I hadn’t heard of the “manic defense.” Would this defense possibly apply to someone who suffered physical/sexual abuse; or does it manifest mostly for single event trauma?
First off, I’d like to point out that manic defense is NOT equal to Bipolar Disorder (which used to be called Manic Depressive Disorder).
The term “manic defense” was coined by psychoanalyst Melanie Klein (around 1940, I understand–please correct me if I’m wrong). She picked up on Freud’s definition of mania and developed it further. She felt the manic defense (defined as elevated/euphoric mood and significantly increased activity) was a means to defend the person from the devastation of depression.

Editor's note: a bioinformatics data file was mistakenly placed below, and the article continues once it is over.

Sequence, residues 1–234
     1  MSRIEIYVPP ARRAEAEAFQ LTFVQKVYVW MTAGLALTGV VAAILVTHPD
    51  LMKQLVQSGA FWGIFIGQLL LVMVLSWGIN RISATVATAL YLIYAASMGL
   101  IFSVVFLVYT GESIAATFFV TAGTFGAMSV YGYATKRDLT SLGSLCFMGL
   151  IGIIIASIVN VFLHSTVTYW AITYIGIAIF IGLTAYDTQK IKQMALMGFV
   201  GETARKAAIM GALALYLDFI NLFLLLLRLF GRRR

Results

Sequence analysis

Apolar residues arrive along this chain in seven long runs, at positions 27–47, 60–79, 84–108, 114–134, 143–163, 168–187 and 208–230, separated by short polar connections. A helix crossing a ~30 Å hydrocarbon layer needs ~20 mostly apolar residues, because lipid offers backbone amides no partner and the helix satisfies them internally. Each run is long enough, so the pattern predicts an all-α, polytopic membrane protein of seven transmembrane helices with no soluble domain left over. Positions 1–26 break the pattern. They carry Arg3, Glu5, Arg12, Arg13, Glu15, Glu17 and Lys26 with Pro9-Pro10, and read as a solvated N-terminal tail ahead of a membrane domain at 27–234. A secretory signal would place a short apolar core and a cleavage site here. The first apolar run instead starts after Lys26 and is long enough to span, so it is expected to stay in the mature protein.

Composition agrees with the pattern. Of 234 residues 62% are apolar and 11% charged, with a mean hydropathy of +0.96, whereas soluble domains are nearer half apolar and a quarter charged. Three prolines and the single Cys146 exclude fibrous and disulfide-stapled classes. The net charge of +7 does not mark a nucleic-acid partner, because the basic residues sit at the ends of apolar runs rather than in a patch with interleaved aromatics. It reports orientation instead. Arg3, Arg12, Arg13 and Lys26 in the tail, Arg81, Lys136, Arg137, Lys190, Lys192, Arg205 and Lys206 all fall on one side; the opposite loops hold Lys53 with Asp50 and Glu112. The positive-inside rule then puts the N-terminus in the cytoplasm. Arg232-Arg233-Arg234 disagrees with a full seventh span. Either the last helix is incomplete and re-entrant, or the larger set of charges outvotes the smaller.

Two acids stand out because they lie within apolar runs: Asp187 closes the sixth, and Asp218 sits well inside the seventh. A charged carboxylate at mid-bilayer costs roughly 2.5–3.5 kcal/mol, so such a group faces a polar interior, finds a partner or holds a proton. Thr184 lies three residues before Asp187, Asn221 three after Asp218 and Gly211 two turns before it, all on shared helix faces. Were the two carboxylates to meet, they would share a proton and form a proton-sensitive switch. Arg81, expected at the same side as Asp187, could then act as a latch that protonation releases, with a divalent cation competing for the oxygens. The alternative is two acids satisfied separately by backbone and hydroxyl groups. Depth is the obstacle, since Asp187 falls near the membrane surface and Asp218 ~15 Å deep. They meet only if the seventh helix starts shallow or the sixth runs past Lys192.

There are several causes for depression, from chemical imbalance in the brain, to overwhelming life stressors, to substance use, to medical conditions, to traumatic events, and loss. (This isn’t an exhaustive list, but you get the idea.)
Usually, depression is something that knocks the wind out of someone’s sails…like A LOT. The manic defense turns them into someone that’s uber-busy, like they’ve-gotta-do-something-every-second-of-every-day-or-they’ll-have-to-face-their-sadness.
Now, those who have suffered abuse of any kind are more vulnerable to developing mental illness. So, to answer Donna’s question, it could apply to someone who’s gone through physical/sexual abuse as well as someone who underwent a serious single traumatic event.
I encourage you, dear readers, to continue sharing your thoughts. Whether you agree or disagree, let me know–I wanna hear what you’re thinking!
Remember, this is for writing purposes only and is NOT to be construed as medical advice or treatment.